Like other efforts to write "unusable" programming languages — INTERCAL, Befunge, Dis/Malbolge — it won't be too long before some bored genius writes a brainf*ck-to-Genesis cross compiler, or something similar. Then the disturbed individuals who are interested can translate their obsolete programs into a language that was born obsolete.

  4. Philip Taylor said,

    August 8, 2022 @ 12:51 pm

    « the Bible explicitly forbids object worship: "These prized objects are really worthless …" ». I found it impossible to believe that the Bible contained the phrase "These prized objects are really worthless", so followed the bibliographic reference 5. Isaiah 44:9-20 and found that it was indeed so. So then I looked at Isaiah 44:9-20 in the KJV and found language that was unmistakeably Biblical: "They that make a graven image are all of them vanity; and their delectable things shall not profit; and they are their own witnesses; they see not, nor know; that they may be ashamed … And none considereth in his heart, neither is there knowledge nor understanding to say, I have burned part of it in the fire; yea, also I have baked bread upon the coals thereof; I have roasted flesh, and eaten it: and shall I make the residue thereof an abomination? shall I fall down to the stock of a tree ?". I don't think that I shall ever understand what motivated people to come up with the New Living Translation and other similar abominations.

  5. David Marjanović said,

    August 8, 2022 @ 2:32 pm

    The desire to have scripture in plain, ordinary language is much older. The Gospel of Mark is a stunning example. And the Qur'ān explicitly claims to be "in clear Arabic".

    If you want a special register that you have come to see as Biblical through circular logic, why translate in the first place? Quicquid latine dictum sit, altum videtur.

  6. Daniel said,

    August 8, 2022 @ 3:05 pm

    There's nothing ancient here but the script. The keywords are in modern Hebrew. For example פונקציה is a very modern loanwords from Russian Функция. But the idea is adorable.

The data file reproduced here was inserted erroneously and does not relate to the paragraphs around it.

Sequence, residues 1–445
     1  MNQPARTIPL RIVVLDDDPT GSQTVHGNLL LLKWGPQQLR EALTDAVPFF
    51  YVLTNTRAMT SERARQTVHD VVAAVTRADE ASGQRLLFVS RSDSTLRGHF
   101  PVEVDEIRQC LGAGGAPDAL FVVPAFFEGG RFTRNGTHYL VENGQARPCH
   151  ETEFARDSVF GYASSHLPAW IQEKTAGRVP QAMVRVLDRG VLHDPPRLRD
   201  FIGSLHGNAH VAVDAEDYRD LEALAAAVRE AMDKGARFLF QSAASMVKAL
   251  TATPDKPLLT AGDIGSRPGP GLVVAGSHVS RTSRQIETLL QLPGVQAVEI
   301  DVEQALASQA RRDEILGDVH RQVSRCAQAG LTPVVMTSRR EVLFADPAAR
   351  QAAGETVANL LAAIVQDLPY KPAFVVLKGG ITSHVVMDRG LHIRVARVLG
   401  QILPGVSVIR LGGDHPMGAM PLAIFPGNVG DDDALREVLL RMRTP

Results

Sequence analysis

7. Gregory Kusnick said,

    August 8, 2022 @ 3:10 pm

    …and other similar abominations

    It seems likely Thomas More would have considered the KJV an abomination.

  8. Ross Presser said,

    August 9, 2022 @ 8:01 am

    It seems likely Thomas More would have considered the KJV an abomination.

    Yup, he would have:

    More did what he could to stop the distribution of Tyndale's Bible. He also wrote a book, Confutation of Tyndale's Answer, explaining why Tyndale was such a threat to the Catholic Church. More began the book with a striking opening sentence: "Our Lord send us now some years as plenteous of good corn we have had some years of late plenteous of evil books. For they have grown so fast and sprung up so thick, full of pestilent errors and pernicious heresies, that they have infected and killed I fear me more simple souls than the famine of the dear years have destroyed bodies."

  9. PeterL said,

    August 12, 2022 @ 6:30 pm

    If you prefer to do your programming in Latin (taking advantage of inflexions to avoid the rigidities that most programming languages insist on):
    "Lingua::Romana::Perligata — Perl for the XXI-imum Century"
    with the implementation and more examples here: